Kombucha Brewers International aims to set standards for kombucha industry

By Mary Ellen Shoup

- Last updated on GMT

KBI is seeking to raise the allowed ABV level for kombucha from 0.5% to 1.25%. ©iStock/boyarkinamarina
KBI is seeking to raise the allowed ABV level for kombucha from 0.5% to 1.25%. ©iStock/boyarkinamarina

Related tags Beer Alcoholic beverage

Kombucha Brewers International (KBI) is working to connect the relatively small but burgeoning kombucha industry by providing common resources and testing standards. 

Category sales for refrigerated kombucha and fermented beverages grew 34% to $375.4m, according to SPINS data for the year ending Oct. 2, 2016, and are projected to reach $1.8bn by 2020.

KBI is a non-profit trade organization that was formed in 2013, and now has more than 150 members.

Controlling ABV levels

KBI identified the need for a standardized method to test and control alcohol kombucha ABV levels.

Controlling kombucha’s alcohol content became very apparent in 2010 when multiple kombucha brands issued voluntary recalls of their products from Whole Foods stores due to exceeding the ABV level allowed under the Volstead act.

The Volstead Act specifies that any beverage containing more than 0.5% ABV qualifies as an intoxicating liquor.

“Anything above that and the TTB gets involved and then taxes it,”​ KBI founding member and board director, Susan Fink, told BeverageDaily at the Good Food Festival in Chicago last week.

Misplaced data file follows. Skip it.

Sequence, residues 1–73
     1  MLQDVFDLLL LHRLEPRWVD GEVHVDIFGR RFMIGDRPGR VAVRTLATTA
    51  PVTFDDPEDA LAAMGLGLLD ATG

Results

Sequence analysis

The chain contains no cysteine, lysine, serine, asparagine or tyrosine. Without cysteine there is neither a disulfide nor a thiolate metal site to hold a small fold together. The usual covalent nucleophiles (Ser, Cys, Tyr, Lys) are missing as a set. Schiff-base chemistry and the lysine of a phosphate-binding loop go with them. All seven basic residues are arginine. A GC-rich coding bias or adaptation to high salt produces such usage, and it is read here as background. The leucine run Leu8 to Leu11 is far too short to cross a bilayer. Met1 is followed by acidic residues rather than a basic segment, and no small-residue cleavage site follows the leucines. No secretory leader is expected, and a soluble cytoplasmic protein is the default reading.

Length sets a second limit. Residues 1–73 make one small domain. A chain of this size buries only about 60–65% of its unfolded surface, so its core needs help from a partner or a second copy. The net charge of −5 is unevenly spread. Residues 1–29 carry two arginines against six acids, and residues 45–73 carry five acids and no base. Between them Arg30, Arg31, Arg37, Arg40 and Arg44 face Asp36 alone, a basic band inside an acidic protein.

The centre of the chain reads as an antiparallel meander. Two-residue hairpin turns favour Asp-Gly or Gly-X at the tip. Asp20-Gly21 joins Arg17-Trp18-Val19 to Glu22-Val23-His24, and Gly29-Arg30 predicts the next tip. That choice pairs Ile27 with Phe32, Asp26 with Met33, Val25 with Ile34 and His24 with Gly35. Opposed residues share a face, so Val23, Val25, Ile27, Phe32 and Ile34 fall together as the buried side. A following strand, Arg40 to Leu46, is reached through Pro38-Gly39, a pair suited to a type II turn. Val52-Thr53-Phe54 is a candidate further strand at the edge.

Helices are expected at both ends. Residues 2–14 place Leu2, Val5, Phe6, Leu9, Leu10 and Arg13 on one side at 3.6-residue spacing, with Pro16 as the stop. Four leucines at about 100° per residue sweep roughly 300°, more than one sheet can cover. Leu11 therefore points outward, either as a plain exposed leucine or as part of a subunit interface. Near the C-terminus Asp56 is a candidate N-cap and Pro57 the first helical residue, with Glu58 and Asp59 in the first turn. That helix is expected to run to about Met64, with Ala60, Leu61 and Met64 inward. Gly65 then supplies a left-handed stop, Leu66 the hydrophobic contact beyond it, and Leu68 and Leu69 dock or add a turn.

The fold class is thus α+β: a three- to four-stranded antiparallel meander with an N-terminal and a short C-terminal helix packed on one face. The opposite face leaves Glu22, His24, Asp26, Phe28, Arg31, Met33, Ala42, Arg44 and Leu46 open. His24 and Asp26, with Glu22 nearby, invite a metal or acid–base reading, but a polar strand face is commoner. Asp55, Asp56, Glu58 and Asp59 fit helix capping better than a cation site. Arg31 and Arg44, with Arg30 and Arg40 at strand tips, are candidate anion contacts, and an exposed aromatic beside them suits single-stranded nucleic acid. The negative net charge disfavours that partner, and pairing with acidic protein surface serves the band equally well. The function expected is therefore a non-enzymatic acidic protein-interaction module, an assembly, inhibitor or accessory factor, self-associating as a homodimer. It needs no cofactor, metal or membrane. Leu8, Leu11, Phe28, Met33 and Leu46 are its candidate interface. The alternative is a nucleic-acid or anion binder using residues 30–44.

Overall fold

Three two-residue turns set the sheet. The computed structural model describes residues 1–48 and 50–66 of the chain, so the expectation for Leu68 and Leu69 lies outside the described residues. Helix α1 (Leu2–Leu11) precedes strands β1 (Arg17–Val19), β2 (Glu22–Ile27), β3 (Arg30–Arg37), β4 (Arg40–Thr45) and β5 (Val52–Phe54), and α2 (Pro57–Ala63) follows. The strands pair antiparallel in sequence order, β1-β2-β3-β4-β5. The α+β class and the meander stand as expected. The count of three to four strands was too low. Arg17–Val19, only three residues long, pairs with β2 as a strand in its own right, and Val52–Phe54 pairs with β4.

“What we are trying to say is: ‘Look, this is not an inebriating beverage so why is a healthy beverage being penalized?’”

KBI currently provides its members an unofficial acting guideline for brewing kombucha that gives brewers better parameters than other available testing methods, which are intended for the spirits and craft beer industry.   

“There’s really no appropriate testing method for something with that low of an alcohol content,”​ she said.

KBI fights to change ‘outdated’ law

Kombucha definition

The KBI wants the KOMBUCHA Act to define kombucha as:

“a beverage that is fermented solely by a symbiotic culture of bacteria and yeast; contains not more than 1.25 percent of alcohol by volume; is sold or offered for sale as kombucha; and is derived from  (i) sugar, malt or malt substitute, tea, or coffee, and (ii) not more than 20 percent of other wholesome ingredients.”

The 0.5% figure is an arbitrary one, according to Fink, and KBI recently introduced a bill called the KOMBUCHA Act to Congress to have the ABV level raised to 1.25%.

The bill received support from two US senators in February this year.

“They recognize that the law, relative to kombucha brewers, is outdated and needs to be changed, and they seized this opportunity to do so. We applaud them for focusing on this effort to help these small businesses,” ​Hannah Crum, president of KBI, said in a statement.

The act also calls for including kombucha makers under the Internal Revenue Code’s definition for “brewer” ​and an exemption to the federal tax imposed on beer for kombucha. 

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